Friday, June 21, 2002

The Neocons and the Nazis

Why is this easier to see than the same conundrum on the international stage? When a nation starts a war to effect a "regime change," it is engaging in murder on a massive scale. The morality, if anything, can only be worse than killing one's neighbor to prevent an alleged crime-to-be.

Am I afraid of people who mean the U.S. harm? Sure I am. Am I happy about living in a state of fear? Of course not. Do I therefore support blasting at every scary looking person in the world who gives Americans the evil eye? No. That policy is not only immoral, it will achieve the exact opposite of greater security for our children. Either reason on its own is enough for any sane person to reject such a course of action.

Though of course one could overcome libertarian objections by a few simple steps.

1)Privatize the 82nd Airborne.
2)Find an Iraqi property owner to invite the 82nd Airborne onto his land. Or find some unowned (government owned) land in Iraq and homestead it with the 82nd Airborne.
3)Wait for the government of Iraq to "initiate the illegitimate use of force".
4)Blow 'em away.

All perfectly legal in libertarian terms.

BTW, in Afghanistan we were invited in by (one of) the government(s) of the country -- the Northern Alliance. Maybe someone in Northern Alliance territory even invited us in in his private capacity.

The Revolution Will Be All Business, by John T Kennedy --

I don't know why most of our "target demographic" don't see the obvious truth of your remarks. I've always said that rich, technologically equipped individuals are very hard to push around. Since liberty is merely people making their own choices and money plus electronics gives everyone greatly enhanced powers of choice, liberty is achieved outside of politics (which is the only way it can realistically be achieved).

Those with power are not going to give it up because someone convinces them that it is the right thing to do. Indeed, most significant historical changes were not planned.

See below:

Thursday, June 20, 2002

Thanks to New Zealand's Peter Gutmann for the pointer:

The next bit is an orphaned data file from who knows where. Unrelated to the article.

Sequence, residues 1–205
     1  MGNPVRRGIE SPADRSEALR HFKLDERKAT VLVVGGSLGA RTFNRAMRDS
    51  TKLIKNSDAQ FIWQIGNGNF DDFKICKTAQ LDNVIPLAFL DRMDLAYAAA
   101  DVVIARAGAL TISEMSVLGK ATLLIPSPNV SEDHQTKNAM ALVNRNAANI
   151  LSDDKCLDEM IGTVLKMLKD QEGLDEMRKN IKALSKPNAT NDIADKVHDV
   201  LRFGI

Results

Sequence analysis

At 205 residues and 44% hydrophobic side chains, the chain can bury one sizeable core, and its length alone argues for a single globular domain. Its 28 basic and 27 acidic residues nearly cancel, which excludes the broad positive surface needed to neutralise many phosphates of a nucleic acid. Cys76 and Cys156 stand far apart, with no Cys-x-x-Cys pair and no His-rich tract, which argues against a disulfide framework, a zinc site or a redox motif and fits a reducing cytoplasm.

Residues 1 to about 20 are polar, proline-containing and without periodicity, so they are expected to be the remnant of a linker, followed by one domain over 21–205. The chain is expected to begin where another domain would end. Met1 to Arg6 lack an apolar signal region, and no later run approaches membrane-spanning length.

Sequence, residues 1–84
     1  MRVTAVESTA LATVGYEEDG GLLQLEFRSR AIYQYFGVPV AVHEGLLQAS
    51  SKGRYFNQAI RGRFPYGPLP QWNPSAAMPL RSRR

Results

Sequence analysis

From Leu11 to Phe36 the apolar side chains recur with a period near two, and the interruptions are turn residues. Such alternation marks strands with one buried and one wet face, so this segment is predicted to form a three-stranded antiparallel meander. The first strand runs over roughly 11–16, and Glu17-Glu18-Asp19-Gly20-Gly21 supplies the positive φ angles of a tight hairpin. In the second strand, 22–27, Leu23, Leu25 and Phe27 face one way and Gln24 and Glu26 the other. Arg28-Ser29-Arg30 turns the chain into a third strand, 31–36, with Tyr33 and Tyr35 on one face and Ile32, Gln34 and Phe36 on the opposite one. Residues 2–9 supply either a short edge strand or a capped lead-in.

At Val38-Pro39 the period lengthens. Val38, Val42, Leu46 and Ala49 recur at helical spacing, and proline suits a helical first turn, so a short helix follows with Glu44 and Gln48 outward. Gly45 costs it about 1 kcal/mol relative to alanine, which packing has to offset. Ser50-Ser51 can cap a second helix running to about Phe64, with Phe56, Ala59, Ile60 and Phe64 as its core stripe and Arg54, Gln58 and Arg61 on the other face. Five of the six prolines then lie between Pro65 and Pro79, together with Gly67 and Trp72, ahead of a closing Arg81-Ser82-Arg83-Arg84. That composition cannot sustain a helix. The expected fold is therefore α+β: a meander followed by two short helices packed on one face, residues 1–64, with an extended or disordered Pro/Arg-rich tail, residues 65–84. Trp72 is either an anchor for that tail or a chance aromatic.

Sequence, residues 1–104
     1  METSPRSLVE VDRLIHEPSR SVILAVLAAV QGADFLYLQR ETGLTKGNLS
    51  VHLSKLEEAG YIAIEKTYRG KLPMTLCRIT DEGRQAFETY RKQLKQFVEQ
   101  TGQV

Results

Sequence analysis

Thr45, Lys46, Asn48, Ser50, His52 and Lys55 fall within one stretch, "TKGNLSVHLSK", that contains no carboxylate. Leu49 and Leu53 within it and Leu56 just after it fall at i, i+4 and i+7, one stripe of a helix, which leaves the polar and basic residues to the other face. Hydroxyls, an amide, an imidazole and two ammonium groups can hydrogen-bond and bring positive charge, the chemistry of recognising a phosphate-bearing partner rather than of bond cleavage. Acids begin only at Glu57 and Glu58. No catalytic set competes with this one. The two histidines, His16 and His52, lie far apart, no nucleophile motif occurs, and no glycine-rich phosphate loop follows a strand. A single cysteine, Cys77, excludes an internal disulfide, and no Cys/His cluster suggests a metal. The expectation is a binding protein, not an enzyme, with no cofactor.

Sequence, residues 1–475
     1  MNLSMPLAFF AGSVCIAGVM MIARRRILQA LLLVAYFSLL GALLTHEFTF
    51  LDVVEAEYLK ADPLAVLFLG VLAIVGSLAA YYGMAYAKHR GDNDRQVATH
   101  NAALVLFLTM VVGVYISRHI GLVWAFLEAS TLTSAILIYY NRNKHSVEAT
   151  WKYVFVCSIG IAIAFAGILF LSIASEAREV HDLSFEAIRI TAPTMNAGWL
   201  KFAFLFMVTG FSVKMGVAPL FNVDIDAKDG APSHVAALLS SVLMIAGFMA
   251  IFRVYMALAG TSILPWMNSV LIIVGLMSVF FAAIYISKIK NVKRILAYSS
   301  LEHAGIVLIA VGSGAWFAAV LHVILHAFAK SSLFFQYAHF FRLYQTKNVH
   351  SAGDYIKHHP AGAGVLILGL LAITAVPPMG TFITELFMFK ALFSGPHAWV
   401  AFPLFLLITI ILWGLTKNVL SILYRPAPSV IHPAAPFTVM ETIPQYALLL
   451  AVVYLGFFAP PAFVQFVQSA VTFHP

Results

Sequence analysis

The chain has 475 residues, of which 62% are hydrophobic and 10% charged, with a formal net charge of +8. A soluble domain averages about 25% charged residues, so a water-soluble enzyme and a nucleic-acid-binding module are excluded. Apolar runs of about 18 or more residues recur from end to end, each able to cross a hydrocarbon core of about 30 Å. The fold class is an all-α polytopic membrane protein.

Why identity is useless as a predictor of future behavior.

"When a highway patrolman is sent to his duty, he has to be given the authority to cite traffic violators. This cannot be done explicitly for each violator because at the time that the patrolman is sent to his duty, the traffic violator does not exist, and the identity of the future violators is not known, so that it is impossible to construct individual access rights for the violators at that time. The point is that the patrolman's authority has to do with the behaviour of motorists, not their identity.

- Naftaly Minsky, "An Operation-Control Scheme for Authorisation in Computer Systems", International Journal of Computer and Information Sciences, Vol.2, No.2, June 1978, p.157.

Notice the case of the Palistinian suicide bombers. As soon as they blow themselves up, Israel IDs them, reports the name of the town they are from, and invades it. This doesn't prevent the bombing because the bombers have no characteristics that distinguish them from non-bombers in the same area.
Trads vs. NeoTrads -- The Differences

Most of today's traditionalists are, in fact, neotraditionalists. They differ in significant ways from the trads of past ages. Here are some of the differences:

Age of marriage - Trads <18, Neotrads >25

[More coming. I'm slow.]
Note to those trying to control events:

The replacement of feudal principalities and city-states by the nation state was not planned. It happened because of the introduction of gunpowder.

The Reformation, the Enlightenment, and the Industrial Revolution were not planned. They happened because of the printing press.

The mass migrations of the last 30 years were not planned. They happened because of the invention of jet-powered civil aviation.

The recent end of censorship was not planned. It happened because of the reduction in the cost of communications.

The same thing happened exactly a year ago in Chappaqua, NY:

"WHITE PLAINS, June 4 — Two male high school students in Chappaqua have been charged with harassment for posting a Web site that listed the names, phone numbers and alleged sexual exploits of dozens of their female classmates, law enforcement officials said today.

The two students were arrested on May 30 after Chappaqua school district officials learned of the Web site and notified the New Castle Police Department. Police officials said they would not release the names of the two students because it was department policy in cases involving youths."


But the DA declined to prosecute for the absence of the "communication" element of harassment.

"Pirro said there was no crime because none of the girls were sent any of the Web pages, and the password meant the males kept the information among themselves."


I'm not sure that the password restriction is relevent particularly since someone outside the group must have seen the pages and reported